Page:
COLUMN RIGHT : Recognize the Free Republics : Events in Soviet Union put worldwide freedom nearer goal.

Ronald Reagan was President of the United States from 1981 to 1989

The coup in the Soviet Union has come to naught. The plotters failed to reckon with the power of the people, who with one voice insisted that this attempt to turn back the clock would not stand. I have personally congratulated Boris Yeltsin for the courage and resolve he demonstrated during those trying days.

Throughout my presidency, we worked to nourish and defend freedom and democracy everywhere we could. This led us into a long relationship with Mikhail Gorbachev, as he became more open to freedom of the press, of assembly and of worship.

More recently, I have become an admirer of President Yeltsin, the first democratically elected leader in all of Russia’s long history. Yeltsin advocates for Russia a speedy transition to a free-market economy, the greatest engine of progress and prosperity ever invented by man. Still more important, he recognizes the natural right of the disparate peoples of the Soviet Union to govern themselves. Acting on this belief, he has extended diplomatic recognition to the democratically elected governments of Lithuania, Latvia and Estonia, a step we would do well to emulate.


It is for the peoples of the Soviet Union, not the central authorities in Moscow, to determine where the boundaries of civil society shall fall. If the people of the Ukraine, Armenia and Georgia, in free plebiscites, should vote to leave the Soviet Union, then they should be allowed to do so. Nothing is more important for world peace than that the Baltic states and the other non-Russian republics be allowed to choose freely the kind of relationship they wish to have with Russia.

Once the Soviet Union has dissolved into a loose confederation of independent nations, what then of Russia proper? Freed from the twin burdens of empire and communism, the Russian people will reassert their natural greatness. Their land will stretch 7,000 miles from St. Petersburg to Vladivostok. They will be a nation of 160 million people, bent upon repairing the economic and social ravages of totalitarianism. If they are able to nurture the seeds of democracy and the free market that they have planted--and we should be encouraging them to do so--this can be accomplished quickly. In five years their family farms will feed not only themselves, but many of the nations around them. In 15 years their enterprises, taking advantage of Russia’s vast natural resources and the foreign investment that will pour in, will number among the best in the world.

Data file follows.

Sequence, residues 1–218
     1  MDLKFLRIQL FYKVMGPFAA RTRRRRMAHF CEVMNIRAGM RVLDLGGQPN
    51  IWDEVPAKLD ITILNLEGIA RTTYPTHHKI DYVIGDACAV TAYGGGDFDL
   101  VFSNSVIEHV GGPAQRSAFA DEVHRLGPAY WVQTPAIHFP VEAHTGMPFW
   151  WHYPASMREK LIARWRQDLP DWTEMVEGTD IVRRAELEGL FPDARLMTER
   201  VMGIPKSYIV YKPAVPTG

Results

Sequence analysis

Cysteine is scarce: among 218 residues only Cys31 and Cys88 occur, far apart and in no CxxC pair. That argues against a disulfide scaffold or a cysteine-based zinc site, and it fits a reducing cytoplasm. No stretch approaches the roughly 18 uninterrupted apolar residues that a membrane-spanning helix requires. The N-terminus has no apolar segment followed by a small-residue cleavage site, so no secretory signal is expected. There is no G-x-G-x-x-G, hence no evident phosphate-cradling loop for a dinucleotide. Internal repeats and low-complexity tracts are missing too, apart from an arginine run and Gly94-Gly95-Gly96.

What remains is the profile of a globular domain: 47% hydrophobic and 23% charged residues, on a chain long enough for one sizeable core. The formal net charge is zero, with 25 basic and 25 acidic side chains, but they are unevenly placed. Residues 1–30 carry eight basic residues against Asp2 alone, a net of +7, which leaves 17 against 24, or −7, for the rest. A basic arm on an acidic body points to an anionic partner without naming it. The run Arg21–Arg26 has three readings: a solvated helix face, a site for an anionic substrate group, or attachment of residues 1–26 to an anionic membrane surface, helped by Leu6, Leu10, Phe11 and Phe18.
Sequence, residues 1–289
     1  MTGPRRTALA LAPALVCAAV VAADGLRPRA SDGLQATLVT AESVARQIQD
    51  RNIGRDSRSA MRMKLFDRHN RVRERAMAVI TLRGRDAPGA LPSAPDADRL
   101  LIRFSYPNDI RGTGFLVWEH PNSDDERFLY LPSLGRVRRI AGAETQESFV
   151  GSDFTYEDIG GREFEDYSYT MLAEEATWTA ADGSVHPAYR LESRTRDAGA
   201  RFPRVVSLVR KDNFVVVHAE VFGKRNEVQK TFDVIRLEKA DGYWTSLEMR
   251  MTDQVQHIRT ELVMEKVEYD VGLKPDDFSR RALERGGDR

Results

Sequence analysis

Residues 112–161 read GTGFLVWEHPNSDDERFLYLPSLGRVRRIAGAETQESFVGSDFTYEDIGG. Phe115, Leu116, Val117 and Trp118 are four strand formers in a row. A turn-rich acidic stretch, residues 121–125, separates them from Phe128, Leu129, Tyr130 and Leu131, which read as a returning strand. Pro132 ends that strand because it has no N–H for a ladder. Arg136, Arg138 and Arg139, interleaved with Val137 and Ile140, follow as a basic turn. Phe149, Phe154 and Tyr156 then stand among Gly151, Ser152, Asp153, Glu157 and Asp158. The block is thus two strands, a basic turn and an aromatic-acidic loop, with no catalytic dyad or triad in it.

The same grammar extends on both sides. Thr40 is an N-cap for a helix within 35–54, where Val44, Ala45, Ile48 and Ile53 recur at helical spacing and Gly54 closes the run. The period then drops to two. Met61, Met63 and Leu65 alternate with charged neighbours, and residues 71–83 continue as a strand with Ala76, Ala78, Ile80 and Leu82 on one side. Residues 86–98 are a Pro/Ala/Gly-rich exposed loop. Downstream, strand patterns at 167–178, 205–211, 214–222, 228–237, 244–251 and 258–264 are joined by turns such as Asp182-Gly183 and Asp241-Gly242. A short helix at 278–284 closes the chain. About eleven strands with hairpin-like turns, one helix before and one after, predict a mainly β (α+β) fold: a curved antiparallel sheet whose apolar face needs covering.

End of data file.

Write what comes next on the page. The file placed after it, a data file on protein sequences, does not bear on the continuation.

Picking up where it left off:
By that time, the remaining Soviet colonies will be long dead. They are already dying. The aging communist dictators of Cuba, Angola, Afghanistan, Vietnam and North Korea will have passed from the scene, replaced by elected leaders who govern with the consent of the people. China will also have joined the democratic camp. The message of the failed coup in Moscow is already reverberating in Beijing. You cannot burst hope with the treads of tanks; you cannot drown democratic aspirations in a hail of bullets.

I pray that the democratic transition now under way in the Soviet Union will be characterized by forgiveness and healing, not retribution and violence. Given the enormous human cost of communism, the temptation to wreak vengeance on its one-time adherents is great. There are, to be sure, a few Marxist-Leninists whose crimes are so recent and heinous that they must be called to account. But let the net of punishment be cast with caution. The Russian people were victims, more than victimizers. Let the vicious circle of violence and hatred spawned by communism end with its demise.

We stand at the threshold of a new world, one defined not by order but by freedom. The grand work of human freedom that began in the United States 200 years ago is entering its final stages. This work, in its grandness and nobility, is not unlike the building of a magnificent cathedral. In the beginning, progress is slow and painstaking. The laying of the foundations and the raising of the walls is measured in decades rather than years. But as the arches and spires begin to emerge, others join in, adding their faith and dedication to speed the work to its completion. The world is that cathedral. And our children, if not ourselves, will see the completed work--the worldwide triumph of human freedom under God.